• At least 16 credits in NCEA Level 2 Mathematics from the following list of standards: 91256, 91257, 91258, 91259, 91260, 91261, 91262, 91269.

If it’s been some time since you studied mathematics at school you can find out if you have the required background by taking this maths quiz.

Prior learning, credit and exemptions

For information on prior learning, exemptions and transfer of credit or other questions:

If you do not have the entry requirements

The following pathways will get you prepared to study this major. If you have not studied NCEA Level 3 Biology (or equivalent) take the following course first:

  • 162.103 Introductory Biology.

If you have not studied NCEA Level 3 Chemistry (or equivalent) take the following course first:

  • 123.103 Chemistry for Modern Sciences.

These courses are available in the summer semester and will count towards credits in your degree.

Pathway tool

If you are unsure whether you have the right background/subjects to study this programme, our tool will help you to figure out what you might need to do before starting your qualification.

Find your pathway

English language and foundation courses

If you need help with your English language skills before you start university, we have courses and programmes that may help.

Summer School

If you need to do a course before you start your programme, there may be options for you in Summer School.

Courses and planning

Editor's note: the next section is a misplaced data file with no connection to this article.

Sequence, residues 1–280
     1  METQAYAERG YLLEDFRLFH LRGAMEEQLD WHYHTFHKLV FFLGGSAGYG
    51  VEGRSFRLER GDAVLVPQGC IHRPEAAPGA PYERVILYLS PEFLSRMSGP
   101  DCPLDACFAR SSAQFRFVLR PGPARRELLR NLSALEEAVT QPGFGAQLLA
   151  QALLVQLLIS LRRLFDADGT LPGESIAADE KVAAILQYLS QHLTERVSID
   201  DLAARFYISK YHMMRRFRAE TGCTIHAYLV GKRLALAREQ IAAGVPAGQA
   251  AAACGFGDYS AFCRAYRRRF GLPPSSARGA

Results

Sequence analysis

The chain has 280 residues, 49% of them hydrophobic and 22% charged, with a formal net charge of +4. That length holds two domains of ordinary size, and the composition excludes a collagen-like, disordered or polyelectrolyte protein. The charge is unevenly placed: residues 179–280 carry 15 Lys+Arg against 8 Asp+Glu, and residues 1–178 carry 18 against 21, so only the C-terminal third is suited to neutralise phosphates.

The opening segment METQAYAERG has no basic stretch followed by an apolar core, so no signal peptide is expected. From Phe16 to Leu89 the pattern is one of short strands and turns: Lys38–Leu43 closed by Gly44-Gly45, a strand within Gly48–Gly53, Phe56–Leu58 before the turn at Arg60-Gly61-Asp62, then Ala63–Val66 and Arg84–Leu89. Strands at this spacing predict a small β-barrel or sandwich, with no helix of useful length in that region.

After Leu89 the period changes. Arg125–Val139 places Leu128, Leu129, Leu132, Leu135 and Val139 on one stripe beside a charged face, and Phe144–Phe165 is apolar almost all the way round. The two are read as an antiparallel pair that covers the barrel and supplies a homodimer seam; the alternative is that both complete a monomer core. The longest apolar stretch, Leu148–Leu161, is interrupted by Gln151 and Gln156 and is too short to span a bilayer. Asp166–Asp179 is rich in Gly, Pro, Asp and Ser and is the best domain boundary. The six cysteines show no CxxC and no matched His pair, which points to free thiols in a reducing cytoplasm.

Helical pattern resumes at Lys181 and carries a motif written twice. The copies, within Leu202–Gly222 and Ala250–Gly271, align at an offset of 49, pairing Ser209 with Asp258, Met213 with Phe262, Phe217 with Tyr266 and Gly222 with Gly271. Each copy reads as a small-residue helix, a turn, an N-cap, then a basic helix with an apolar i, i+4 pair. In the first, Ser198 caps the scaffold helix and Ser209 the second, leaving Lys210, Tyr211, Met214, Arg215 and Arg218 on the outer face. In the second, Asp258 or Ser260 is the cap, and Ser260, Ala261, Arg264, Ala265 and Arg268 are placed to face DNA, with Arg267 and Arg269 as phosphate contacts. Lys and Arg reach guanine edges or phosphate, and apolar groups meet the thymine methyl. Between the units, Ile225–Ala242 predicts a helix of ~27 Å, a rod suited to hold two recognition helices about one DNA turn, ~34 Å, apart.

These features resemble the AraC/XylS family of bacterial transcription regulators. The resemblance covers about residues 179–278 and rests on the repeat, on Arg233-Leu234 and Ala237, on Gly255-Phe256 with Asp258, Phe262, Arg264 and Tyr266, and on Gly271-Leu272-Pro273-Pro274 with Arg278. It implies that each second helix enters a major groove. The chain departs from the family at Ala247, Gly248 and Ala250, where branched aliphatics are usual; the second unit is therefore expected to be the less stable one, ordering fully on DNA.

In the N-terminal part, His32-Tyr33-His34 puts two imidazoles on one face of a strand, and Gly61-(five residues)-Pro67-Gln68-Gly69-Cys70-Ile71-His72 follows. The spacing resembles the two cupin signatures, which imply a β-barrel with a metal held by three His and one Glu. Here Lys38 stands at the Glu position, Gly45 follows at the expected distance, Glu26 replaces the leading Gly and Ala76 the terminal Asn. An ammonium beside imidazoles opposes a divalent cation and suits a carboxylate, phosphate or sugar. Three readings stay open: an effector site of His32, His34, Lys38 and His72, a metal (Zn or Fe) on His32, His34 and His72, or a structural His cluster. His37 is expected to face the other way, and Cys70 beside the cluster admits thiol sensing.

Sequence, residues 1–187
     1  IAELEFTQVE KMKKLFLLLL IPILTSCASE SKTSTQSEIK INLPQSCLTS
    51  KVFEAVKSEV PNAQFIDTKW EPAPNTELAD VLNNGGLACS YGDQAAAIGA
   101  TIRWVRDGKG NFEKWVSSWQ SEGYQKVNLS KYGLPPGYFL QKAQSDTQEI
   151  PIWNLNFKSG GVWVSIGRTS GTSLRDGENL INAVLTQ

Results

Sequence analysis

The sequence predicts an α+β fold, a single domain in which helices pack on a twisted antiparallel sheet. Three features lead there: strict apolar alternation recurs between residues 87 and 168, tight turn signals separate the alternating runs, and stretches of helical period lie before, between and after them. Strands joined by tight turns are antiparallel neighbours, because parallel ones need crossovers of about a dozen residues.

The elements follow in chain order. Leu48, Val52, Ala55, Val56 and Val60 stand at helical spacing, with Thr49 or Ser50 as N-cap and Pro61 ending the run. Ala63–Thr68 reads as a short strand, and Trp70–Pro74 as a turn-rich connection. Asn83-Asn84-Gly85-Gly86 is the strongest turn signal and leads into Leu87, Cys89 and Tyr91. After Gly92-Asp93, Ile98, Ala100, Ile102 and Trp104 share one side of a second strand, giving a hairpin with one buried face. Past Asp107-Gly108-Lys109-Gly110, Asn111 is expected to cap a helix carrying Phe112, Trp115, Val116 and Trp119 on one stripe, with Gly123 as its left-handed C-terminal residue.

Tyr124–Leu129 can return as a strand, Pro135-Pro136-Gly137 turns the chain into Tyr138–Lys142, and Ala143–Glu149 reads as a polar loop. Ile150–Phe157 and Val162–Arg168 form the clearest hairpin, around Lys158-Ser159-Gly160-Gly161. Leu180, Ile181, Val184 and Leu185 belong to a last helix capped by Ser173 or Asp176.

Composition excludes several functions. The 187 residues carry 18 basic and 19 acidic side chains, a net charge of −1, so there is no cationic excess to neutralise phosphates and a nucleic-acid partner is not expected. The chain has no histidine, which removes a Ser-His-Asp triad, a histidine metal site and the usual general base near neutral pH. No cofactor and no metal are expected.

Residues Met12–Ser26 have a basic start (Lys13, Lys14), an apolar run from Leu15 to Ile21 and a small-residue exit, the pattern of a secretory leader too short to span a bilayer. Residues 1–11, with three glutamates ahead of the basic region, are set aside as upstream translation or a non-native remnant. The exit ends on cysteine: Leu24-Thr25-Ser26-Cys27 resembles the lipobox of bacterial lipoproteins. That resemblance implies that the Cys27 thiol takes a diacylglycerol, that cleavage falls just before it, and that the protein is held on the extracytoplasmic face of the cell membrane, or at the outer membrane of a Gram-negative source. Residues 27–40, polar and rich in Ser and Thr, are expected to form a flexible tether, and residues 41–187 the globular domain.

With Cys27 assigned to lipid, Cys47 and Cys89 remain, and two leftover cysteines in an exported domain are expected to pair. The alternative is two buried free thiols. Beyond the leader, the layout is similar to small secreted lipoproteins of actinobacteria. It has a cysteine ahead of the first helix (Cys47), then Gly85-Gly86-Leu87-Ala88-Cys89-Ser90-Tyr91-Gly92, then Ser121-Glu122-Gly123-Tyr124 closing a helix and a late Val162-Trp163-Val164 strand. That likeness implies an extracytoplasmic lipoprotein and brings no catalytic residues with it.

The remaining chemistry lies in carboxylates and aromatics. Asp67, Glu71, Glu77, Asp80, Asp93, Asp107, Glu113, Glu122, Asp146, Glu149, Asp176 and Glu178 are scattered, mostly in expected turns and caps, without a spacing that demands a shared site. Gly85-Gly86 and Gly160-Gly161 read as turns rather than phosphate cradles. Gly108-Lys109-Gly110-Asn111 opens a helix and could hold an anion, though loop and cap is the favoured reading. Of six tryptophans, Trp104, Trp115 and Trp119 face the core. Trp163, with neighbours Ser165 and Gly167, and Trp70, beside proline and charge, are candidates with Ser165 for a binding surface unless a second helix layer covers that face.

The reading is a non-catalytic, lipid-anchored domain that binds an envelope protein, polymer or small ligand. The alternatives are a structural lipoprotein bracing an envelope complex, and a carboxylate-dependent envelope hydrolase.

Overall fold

Courses for this specialisation

200-level courses

60 credits
122202 The Dynamic Cell 15
122233 Metabolic Biochemistry 15
151231 Food Chemistry for Nutrition 15
151232 Nutrition and Metabolism 15
194241 Physiological Control Systems 15

300-level courses

60 credits
151331 Maternal and Child Nutrition 15
151332 Nutrition for Sport and Performance 15
151333 Adult Nutrition and Positive Ageing 15
151334 Nutrition Communication and Promotion 15

Planning your programme

Planning overview

If you study full-time, in your first year, you’ll take eight 15-credit courses, making a total of 120 credits.

If you wish to study over two semesters, you should aim for 60 credits per semester. You may be able to take some courses at summer school. Make sure you include courses that are prerequisites for the next level of courses you wish to study.

The first-year structure is designed to provide you with a broad knowledge and skill set which will equip you to go on to more advanced courses in the second and third years.